A lumbar annular tear, which occurs most commonly at L4-L5 or L5-S1, is one of the most common degenerative spine conditions, affecting about 90 percent of adults at some point in their lives.
Because the lumbar spine (lower back) is responsible for supporting the majority of the body’s weight and movements, the discs in the lower back are more susceptible to being damaged over time. The most common form of this damage is an annular tear, which is a small rip or tear in the tough outer layer of the disc.
Many people don’t realize they have an annular tear in their lower back. This is because a small tear in the disc may not impact a nearby nerve, which is what triggers the pain and symptoms you hear about with spine conditions. The body often recognizes that a disc is torn and will begin the natural resorption process to heal it without you ever noticing. However, if you do feel pain and symptoms, it’s important to identify what could be annular tear symptoms so you can begin to treat the condition.
Symptoms of a lumbar annular tear
While many people do not experience symptoms for an annular tear, sometimes the torn disc material will touch a local nerve and cause a number of uncomfortable symptoms, including:
These symptoms could stay locally in the lower back or they could expand along the nerve pathway into the buttocks, legs and feet, depending on the severity of the pinched nerve.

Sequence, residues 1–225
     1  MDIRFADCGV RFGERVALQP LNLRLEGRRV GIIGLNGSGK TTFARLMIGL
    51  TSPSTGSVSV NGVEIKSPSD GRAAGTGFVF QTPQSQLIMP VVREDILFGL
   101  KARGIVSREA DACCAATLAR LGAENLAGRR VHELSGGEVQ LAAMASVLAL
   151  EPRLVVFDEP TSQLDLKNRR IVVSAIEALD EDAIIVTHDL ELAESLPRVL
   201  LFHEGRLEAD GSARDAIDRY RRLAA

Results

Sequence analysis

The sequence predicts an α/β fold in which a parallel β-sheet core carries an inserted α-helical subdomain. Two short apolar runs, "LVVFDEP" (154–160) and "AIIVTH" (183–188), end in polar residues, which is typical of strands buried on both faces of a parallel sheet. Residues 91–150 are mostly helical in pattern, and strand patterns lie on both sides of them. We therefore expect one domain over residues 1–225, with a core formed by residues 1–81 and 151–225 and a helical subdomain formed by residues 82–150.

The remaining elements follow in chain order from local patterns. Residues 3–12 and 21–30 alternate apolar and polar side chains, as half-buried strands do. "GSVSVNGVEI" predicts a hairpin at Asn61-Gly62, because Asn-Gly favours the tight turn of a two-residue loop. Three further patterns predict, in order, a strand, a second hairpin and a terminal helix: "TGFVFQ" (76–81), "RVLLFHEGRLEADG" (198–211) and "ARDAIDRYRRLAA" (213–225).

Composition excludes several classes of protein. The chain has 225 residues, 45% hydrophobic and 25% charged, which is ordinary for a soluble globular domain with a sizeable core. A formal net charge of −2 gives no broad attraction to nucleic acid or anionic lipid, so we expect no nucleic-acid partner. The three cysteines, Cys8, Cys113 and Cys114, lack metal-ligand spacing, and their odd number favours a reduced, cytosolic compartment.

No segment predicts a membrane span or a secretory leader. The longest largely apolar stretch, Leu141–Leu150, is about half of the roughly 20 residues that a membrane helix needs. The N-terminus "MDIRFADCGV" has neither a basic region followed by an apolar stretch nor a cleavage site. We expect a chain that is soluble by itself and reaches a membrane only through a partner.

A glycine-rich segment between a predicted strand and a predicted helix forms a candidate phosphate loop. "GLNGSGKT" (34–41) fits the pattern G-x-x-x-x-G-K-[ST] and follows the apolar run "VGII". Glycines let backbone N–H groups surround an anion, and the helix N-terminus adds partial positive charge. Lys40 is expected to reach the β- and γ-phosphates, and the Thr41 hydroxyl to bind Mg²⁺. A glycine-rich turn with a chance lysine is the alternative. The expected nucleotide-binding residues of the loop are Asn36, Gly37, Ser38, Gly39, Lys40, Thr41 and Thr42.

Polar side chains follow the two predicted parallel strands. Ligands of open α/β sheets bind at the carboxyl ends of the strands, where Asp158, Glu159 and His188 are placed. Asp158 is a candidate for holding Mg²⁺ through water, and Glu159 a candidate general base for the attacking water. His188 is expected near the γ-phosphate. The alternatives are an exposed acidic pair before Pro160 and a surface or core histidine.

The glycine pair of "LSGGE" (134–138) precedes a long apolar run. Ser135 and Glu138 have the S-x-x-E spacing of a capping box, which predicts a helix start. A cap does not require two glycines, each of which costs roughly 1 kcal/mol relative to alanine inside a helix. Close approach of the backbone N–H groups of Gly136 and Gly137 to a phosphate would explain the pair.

Treatment for a lumbar annular tear
Annular tears typically heal on their own through the body’s resorption process. However, this process can take several months, which means you may experience the symptoms for several months while the body heals. Your physician can recommend several nonsurgical treatments to help alleviate your symptoms while your body heals. Conservative treatment options include hot/cold therapy, exercise, physical therapy, massage and more.
If you are not able to find relief from your pain and other symptoms after months of conservative treatment, contact USA Spine Care today. We offer minimally invasive spine surgery that is often the clinically appropriate first choice over traditional open back surgery. While many of our patients will be recommended a minimally invasive decompression surgery to treat an annular tear, some patients with a severely torn disc may be recommended to undergo a minimally invasive stabilization surgery. Because of our minimally invasive approach to spine surgery, our patients experience a shorter recovery time^ and lower risk of infection than patients who choose traditional open back surgery.
For more information about a lumbar annular tear and the treatment options available, contact our spine care specialists at USA Spine Care today.